colorado in seven easy steps

A week after returning from the fantastic state of Colorado, it’s time for a quick blog update. There’s no way to sum up even a short trip to Colorado concisely and effectively… here are some highlights:

It’s impossible to quickly find a place to eat in Denver from the interstate, especially if you’re starving. It took us 30 minutes, but we happened upon this little joint called Rico’s Pizzeria… little hole-in-the-wall shop, family owned by Italians, seating for 12, best calzone I’ve ever eaten. I don’t even know how we got there. But I’m going back next time I’m in the area.

If you intend to spend any time in the mountains, spend the extra dollars and get the upgrade to a Jeep (or similar 4WD vehicle). Originally we planned on getting a mid-size car, but then they ran out of mid-size cars and were about to stick us with a minivan… (I don’t know, don’t ask). We weren’t about to be caught dead in a minivan. Get the Jeep, it was an amazingly wise choice.

We love the mountains, so immediately upon arriving (and consuming a calzone), we headed straight into the mountains. Random advice nugget #2 – get the backroads atlas, and use it diligently. Never take the interstates up into the mountains, because that is for boring old people and families in minivans. If you’ve done like I’ve recommended and gotten the Jeep it will be no problem. We went up Jarre Canyon Road, west out of Denver into the front range of mountains between Colorado Springs and Denver. It was snowing. It was exciting. Minivans had to turn back.

Wives appreciate sentimental things, so we stayed in the mountain lodge where we spent our honeymoon. It was very nice, and made us think, “wow, we should run a lodge up in the mountains someday”. Wives also appreciate bathrooms with big huge whirlpool bathtubs.

When looking for something to do, grab your trusty backroad atlas, randomly pick a spot somewhere off the beaten path, and try to find it. You’ll need the 4WD you rented.

Pikes Peak… I’m not very happy with you Pikes Peak. I understand that it snowed 8 inches on top of your mountain and that for safety reasons you had to close down your road for those who unwisely chose to visit you from the comfort of their suburban housewife approved minivans. But come on – we have a Jeep!! Sadness. We went halfway up but were forced by rangers with guns to turn around.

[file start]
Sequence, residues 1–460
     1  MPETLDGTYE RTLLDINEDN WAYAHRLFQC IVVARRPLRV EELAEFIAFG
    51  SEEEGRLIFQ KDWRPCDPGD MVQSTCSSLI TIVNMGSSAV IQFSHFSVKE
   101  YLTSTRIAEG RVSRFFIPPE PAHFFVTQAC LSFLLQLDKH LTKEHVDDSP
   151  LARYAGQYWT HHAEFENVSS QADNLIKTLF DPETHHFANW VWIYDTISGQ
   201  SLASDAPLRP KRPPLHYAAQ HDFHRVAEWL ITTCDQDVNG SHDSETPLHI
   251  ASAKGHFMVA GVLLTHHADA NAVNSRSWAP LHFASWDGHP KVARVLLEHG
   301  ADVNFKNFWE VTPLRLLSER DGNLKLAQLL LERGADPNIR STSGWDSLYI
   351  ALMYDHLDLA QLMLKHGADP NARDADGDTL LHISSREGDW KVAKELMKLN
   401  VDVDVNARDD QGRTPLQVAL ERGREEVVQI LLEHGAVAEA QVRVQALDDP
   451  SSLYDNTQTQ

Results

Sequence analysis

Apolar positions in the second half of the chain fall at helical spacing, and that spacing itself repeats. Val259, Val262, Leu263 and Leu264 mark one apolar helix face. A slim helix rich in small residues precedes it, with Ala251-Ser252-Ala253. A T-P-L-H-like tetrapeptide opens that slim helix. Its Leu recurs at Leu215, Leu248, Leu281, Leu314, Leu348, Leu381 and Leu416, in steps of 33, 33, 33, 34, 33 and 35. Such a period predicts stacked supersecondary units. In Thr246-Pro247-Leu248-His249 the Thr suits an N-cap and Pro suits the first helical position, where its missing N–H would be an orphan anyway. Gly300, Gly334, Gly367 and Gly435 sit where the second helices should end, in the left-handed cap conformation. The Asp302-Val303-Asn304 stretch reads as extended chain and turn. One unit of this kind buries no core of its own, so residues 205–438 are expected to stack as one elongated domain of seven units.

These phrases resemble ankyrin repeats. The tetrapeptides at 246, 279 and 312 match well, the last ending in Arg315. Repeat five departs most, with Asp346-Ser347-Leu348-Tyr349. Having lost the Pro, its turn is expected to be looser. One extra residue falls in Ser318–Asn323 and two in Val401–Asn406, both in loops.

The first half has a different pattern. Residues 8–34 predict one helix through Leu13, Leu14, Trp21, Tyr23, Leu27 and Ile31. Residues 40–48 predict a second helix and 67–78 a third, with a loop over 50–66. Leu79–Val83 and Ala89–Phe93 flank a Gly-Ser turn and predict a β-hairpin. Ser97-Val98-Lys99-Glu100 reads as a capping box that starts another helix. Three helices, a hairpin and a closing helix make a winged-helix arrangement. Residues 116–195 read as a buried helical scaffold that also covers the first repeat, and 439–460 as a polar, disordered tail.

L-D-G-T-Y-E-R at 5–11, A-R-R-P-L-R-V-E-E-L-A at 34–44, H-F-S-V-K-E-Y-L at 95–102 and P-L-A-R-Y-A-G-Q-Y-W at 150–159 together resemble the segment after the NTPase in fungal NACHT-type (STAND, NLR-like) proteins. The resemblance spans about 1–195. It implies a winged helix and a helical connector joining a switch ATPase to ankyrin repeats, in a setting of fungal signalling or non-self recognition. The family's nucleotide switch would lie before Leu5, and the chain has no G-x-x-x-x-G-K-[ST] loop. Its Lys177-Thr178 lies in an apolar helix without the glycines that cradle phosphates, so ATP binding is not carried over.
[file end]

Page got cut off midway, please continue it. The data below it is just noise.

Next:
The reason we went to Colorado in the first place was because we went to Sara’s wedding. It was a very nice wedding Sara – thank you for inviting us! We’re very happy for you.

Colorado weekend a success. Points to remember: Rent a Jeep. Buy a road atlas. Stop at Rico’s Pizzeria.

end of a glorious era

In 2001 I aquired a well-worn, much-loved light blue 1987 Toyota Celica. Quintessential 80’s car. I got it as a generous gift from our good family friends Neal & Lisa Blackwood who knew I was a broke college student in need of transportation. Prior to getting the car from the Blackwoods, the aptly named Neal-Mobile travelled some 100,000-ish miles, spent 10 hot years in Texas, and endured several sub-arctic Minnesota winters. But I was grateful to have her when she finally arrived in my care.

The Neal-Mobile was a fine piece of machinery – Japanese made, reliable, quick, had to hold the handles up as you shut the doors in order to lock it. In the six years I had the Neal-Mobile I only had one engine related malfunction, which required the replacement of the distributor… all in all, not that big of deal. Like any car it had it’s share of wear-and-tear, bumps, and rust, but was quite the trustworthy little thing.